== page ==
...Also, McNair allegedly knew of Bush's involvement with the New Era venture before last season's national championship game against Texas, according to two sources. And at one point during the 2005 season, sources say Bush thought that Carroll knew about his parents' living arrangement and feared he was going to conduct his own investigation. Bush called Michaels, instructing that if Carroll called regarding the house to "tell him that you're a longtime family friend." Carroll never called Michaels.

Third, the atmosphere that USC created with its open door policy allowed for unscrupulous people to be in close contact, on campus, with players who are unschooled in the ways of agents. Only players and staff should be allowed in the locker room. Allowing outsiders into this inner sanctum only perpetuates bad behavior by some of these hangars on; the relaxed atmosphere breeds complacency. Now I'm not so naive to think that keeping outsiders out of the locker room would stop these types of things from happening; they could easily happen off campus and if that were the case USC would be a more protected but not in the clear.

Sources told Yahoo! Sports that representatives of New Era were allowed into the USC locker room during the 2005 season. Ornstein and other agents frequented the USC sidelines during several games and numerous practices that season, according to published reports.

I am not concerned about New-Era and their claims. Unless they were set up as a sports marketing firm with all the pertinent documents it could be construed that the Bush family were just takers from a generous person. If they have a claim then they can address it in a civil suit.  They have yet to file a suit and put their cards on the table so to speak. The Ornstein situation to me is much more damning. Ornstein is not fooling me that he doesn't know what the rules are:

Asked why his employee, Fritz, had paid for airfare and a limousine for the Bush family's trip to the Cal game, Ornstein said he believed the funds were paid back.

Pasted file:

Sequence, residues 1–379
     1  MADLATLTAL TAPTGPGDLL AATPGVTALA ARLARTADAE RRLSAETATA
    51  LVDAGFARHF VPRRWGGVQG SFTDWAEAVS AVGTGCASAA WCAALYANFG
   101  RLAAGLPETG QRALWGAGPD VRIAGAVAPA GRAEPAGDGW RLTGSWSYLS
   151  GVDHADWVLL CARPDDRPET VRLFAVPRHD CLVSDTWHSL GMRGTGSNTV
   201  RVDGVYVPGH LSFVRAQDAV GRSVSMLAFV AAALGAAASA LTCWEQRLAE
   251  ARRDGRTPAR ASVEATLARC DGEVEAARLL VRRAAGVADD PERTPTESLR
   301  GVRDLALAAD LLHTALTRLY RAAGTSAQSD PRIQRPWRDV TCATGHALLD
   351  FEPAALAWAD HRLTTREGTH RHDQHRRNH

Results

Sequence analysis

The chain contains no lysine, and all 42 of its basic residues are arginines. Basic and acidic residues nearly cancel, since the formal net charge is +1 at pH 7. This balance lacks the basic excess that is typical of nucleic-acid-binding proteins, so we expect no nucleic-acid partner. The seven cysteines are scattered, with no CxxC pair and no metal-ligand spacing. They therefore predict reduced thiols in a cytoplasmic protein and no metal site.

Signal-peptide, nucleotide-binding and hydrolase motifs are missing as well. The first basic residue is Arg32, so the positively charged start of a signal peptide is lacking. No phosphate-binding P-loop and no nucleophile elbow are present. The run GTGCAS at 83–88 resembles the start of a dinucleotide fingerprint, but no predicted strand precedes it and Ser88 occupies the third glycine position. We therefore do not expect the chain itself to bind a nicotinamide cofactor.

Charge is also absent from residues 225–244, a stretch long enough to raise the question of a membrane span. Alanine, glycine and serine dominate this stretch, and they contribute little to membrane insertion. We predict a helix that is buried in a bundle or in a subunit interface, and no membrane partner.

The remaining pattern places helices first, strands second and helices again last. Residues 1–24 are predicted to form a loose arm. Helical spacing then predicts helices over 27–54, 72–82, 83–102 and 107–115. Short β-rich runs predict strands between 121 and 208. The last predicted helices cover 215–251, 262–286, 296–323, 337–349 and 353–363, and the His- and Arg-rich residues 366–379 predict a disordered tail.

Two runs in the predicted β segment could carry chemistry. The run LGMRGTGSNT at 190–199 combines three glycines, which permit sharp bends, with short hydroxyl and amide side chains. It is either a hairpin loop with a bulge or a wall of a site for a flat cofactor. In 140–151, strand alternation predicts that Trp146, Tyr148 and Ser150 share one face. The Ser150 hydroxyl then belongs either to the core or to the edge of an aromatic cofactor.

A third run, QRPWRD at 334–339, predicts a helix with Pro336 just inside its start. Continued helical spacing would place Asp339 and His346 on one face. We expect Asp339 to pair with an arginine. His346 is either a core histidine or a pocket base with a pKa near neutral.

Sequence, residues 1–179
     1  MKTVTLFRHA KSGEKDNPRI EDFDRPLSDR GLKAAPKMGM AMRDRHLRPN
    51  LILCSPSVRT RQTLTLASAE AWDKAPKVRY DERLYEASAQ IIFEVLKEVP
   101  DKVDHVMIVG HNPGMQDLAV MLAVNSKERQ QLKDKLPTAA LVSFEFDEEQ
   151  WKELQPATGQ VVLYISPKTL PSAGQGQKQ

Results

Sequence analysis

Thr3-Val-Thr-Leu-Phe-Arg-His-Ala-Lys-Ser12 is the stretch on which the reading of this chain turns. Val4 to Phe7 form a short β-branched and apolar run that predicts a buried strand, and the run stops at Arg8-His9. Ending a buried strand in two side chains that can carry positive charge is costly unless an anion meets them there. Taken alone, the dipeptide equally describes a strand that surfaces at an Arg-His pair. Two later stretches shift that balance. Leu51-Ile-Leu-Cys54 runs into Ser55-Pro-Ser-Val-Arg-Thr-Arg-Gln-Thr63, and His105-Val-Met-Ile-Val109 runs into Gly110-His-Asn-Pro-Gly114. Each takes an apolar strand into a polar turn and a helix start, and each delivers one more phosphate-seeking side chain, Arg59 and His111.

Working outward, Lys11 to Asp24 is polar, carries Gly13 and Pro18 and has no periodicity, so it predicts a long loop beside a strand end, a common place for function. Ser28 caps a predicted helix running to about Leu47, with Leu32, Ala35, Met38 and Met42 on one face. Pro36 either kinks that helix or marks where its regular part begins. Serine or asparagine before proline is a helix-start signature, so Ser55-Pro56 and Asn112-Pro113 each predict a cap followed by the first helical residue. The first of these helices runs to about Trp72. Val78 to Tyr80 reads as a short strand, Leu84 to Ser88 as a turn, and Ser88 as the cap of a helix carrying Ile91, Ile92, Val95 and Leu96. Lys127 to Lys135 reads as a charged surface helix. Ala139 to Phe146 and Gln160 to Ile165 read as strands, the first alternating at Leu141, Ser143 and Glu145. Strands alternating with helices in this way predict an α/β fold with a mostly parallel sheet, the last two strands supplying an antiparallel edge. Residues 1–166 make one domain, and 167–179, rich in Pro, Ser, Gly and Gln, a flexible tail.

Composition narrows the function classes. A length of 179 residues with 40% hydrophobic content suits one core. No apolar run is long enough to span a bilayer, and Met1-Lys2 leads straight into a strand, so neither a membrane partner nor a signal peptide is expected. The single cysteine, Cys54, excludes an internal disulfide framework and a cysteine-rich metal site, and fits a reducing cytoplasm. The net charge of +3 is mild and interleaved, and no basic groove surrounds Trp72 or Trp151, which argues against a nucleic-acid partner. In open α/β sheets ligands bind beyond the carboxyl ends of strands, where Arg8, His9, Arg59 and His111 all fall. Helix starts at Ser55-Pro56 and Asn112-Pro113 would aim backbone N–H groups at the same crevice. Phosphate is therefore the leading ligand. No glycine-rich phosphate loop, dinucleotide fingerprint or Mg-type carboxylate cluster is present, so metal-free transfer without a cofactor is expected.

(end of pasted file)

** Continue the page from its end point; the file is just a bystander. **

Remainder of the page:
"Jamie may have paid or put it on his credit card," Ornstein said. "I don't think (Reggie's) parents have a credit card, but his parents paid for everything."

Fritz declined comment, but documents obtained by Yahoo! Sports indicate both the airfare and limousine rental for the trip to the Bay Area were paid in full on Fritz's American Express card prior to the trip being taken. Ornstein also used the card in August to book his own trip to Bush's NFL preseason debut against the Tennessee Titans.

The card establishes a direct link between Bush's family and Ornstein's office while Bush was still at USC, but Ornstein insisted it was merely a matter of helping the family.

"If the dad asked, then maybe (Jamie helped)," he said. "The (family) went on other trips. I'm sure the father - if it was anything that needed a credit card to guarantee the hotel and everything - then I'm sure Jamie will have documentation and cash receipts from the father. I guarantee it."

Asked whether he was aware that such loans could constitute an NCAA violation, Ornstein replied: "I have no idea."

Oh come on, this guy has been involved with NCAA players for years and he still doesn't know the rules? I'm not buying it

A lot is going to be said in the coming days and weeks about all of this and some of it won't be pretty. There are already calls by some for the "death penalty". These people need to get over themselves, THIS WILL NOT HAPPEN! I am not foolish enough to think that SC will only get a slap on the wrist. If a coach knew and did nothing about it is really no different than Mike Garrett or Pete Carroll knowing, if it happens on your watch then you are responsible plain and simple. To claim otherwise would signal to me a level of ignorance that would just be mind-boggling.

To those people who said over and over lets see how things shake out before we pass judgment that train has now left the station. Its time we deal with it head on because things are about to get dicey.